advances in technology have reduced the relevance of lowcost manpower, India still can apply a different kind of human resources to genome discovery. "We have the largest human biodiversity in the world," Bhargava said. In this subcontinent there are close to 600 welldefined ethnic groups which over the centuries, for millennia, 
have kept their identity. Twenty percent of India is tribal and they have maintained their identity. That's marvelous in terms of material, something no other country can match," he said.

Thus Biocon is working with Surromed Inc. (Palo Alto, Calif.) to identify biomarkers for diabetes in the Indian population. Nicholas Piramal India Ltd., a Mumbai pharmaceutical company, has formed a partnership with the government's Centre of Biotechnology to conduct genomic research with the nation's diverse populations and to explore India's traditional medicines.

Barriers to overcome Viewed from a distance, the impressive technical achievements of the Indian elite can obscure the difficulties of conducting 21st century science and business in a developing country. While it has created nuclear weapons and written much of the software that coordinates the financial transactions of multinational companies, India spends $3 per capita annually on drugs. The future of the Indian biotech industry depends to a great extent on the government's ability to balance competing demands for cheap drugs with the imperative to stimulate innovation by enforcing intellectual property rights. computers in a room and start doing bioinformatics," said V.N. Balaji, CEO of the Jubilant Biosys Ltd. subsidiary 
(Bangalore) of Jubilant Organosys.

He predicted that while most of these companies will disappear, real opportunities will remain. "Most of the U.S. and European genomics and bioinformatics companies are turning themselves into pharmaceutical companies and at the same time the decreasing costs of microarray chips and moves toward in silico research will generate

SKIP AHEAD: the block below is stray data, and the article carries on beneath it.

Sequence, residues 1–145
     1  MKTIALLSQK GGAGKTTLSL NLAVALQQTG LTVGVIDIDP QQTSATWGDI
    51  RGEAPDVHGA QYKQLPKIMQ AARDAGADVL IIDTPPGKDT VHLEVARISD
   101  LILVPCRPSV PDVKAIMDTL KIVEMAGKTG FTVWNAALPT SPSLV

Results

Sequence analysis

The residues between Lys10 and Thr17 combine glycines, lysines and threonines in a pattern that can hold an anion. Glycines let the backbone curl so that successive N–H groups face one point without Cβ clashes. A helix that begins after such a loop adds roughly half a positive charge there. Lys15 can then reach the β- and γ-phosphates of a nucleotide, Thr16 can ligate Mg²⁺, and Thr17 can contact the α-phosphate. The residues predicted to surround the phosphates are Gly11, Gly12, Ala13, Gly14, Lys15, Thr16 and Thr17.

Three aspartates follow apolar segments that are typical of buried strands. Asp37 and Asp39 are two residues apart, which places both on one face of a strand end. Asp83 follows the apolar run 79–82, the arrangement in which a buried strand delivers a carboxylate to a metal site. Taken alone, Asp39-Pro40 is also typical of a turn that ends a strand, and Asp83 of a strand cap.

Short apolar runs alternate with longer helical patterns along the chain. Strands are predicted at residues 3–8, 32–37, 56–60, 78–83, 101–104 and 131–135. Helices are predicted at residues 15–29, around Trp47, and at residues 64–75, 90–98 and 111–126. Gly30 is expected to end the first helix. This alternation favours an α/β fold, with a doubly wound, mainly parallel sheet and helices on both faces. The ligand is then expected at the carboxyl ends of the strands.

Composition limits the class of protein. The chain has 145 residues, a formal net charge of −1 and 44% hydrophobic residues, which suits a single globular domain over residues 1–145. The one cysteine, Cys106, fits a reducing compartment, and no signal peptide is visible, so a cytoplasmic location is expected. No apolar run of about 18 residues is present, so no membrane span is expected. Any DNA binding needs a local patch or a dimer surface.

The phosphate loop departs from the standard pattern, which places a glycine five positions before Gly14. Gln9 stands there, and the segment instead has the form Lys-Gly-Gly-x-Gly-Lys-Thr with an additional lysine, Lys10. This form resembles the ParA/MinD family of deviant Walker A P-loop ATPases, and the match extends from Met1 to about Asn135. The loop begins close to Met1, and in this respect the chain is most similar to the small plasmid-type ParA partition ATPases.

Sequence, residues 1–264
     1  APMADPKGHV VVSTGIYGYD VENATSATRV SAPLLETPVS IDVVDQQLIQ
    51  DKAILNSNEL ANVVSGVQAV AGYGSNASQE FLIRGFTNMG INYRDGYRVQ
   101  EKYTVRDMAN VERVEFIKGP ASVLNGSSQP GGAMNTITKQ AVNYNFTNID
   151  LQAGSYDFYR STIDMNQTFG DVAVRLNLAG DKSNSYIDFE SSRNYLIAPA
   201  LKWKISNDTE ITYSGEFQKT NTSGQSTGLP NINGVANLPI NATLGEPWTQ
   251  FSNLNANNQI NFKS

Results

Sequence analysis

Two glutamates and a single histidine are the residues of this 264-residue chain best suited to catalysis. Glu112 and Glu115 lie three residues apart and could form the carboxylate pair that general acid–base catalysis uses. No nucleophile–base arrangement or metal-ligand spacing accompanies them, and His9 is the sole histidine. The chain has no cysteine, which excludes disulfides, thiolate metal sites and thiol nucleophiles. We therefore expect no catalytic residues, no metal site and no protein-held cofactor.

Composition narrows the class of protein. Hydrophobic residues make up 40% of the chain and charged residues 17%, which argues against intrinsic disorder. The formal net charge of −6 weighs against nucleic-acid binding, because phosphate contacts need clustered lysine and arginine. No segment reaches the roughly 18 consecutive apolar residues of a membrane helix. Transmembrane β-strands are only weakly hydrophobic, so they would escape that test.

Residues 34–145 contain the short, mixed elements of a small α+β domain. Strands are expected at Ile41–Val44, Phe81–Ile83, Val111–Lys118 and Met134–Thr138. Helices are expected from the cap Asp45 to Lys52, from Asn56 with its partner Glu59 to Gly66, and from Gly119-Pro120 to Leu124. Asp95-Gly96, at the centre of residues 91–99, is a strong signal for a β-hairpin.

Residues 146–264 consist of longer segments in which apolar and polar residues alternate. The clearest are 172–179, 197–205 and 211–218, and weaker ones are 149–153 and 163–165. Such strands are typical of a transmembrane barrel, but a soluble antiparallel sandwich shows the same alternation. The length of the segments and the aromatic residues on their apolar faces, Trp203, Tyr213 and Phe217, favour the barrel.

enormous amounts of data," Balaji said. Jubilant's model is based on performing contract bioinformatics services, at client sites and in Bangalore, creating and curating 
databases, building customized tools, and performing contract research. Sreenivas Devidas, vice president of business development and strategy at Strand Genomics Pvt. Ltd. (Bangalore), predicted that the market will break into two segments, with some companies providing lowmargin, lowend services such as annotation, and a 
handful of companies providing highend services.

Devidas, a former vice president and life sciences advisor to venture fund ConnectCapital Holdings (Mumbai), said Strand is positioning itself at the top end. Strand, a spinoff from the Indian Institute of Science, is developing a suite of tools for genomics annotation, in silico research and macromolecular structure analysis. In June, 
AlphaGene Inc. (Woburn, Mass.) announced a collaboration to use bioinformatics technology from Questar Bioinformatics Ltd. (Hyderabad) to mine AlphaGene's protein library. Questar will provide support for structure determination, pathway identification, and small molecule library development. The Indian government's reluctance to take risks and the scientific establishment's dependence on government have history

First and foremost on Dhankar's list is putting a tight patent regime in place. "That includes adhering to the GATT agreement India has signed, and making sure there is enforcement. Often in India laws come into place but companies ignore them and things get tied up in courts for years," he said. Second, Dhankar said, is "fostering an 
environment of greater innovation and entrepreneurship. It is very difficult for someone to start up a new company today, but it can be done."

Finally, he said, India still has work to do to create a more business friendly environment, "including removal of certain duties and recourse to the courts." Although there is a modern legal system and independent judiciary, delays in moving cases through the courts limit their utility for resolving commercial disputes.

Other barriers include expensive and unreliable power, and high prices for transportation and real estate. While low wages more than compensate for high infrastructure costs, as the coun try becomes more integrated into the global economy, skilled manpower costs are likely to increase.

The government is mobilizing to address the biggest obstacle to foreign investment in biomedical research: intellectual property protection. Under the TradeRelated Intellectual Property Rights (TRIPs) agreement, India must implement patent protection on pharmaceuticals and biotech products by 2005 (see "TRIPS deal: Much ado about...", A14). In the runup to 2005, the nation's major